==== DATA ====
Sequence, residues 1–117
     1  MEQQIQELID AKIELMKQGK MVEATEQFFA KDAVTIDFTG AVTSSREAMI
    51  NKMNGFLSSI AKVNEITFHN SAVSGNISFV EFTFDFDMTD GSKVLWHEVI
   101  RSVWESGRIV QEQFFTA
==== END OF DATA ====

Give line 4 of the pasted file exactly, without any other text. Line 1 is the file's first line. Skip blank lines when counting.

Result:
   101  RSVWESGRIV QEQFFTA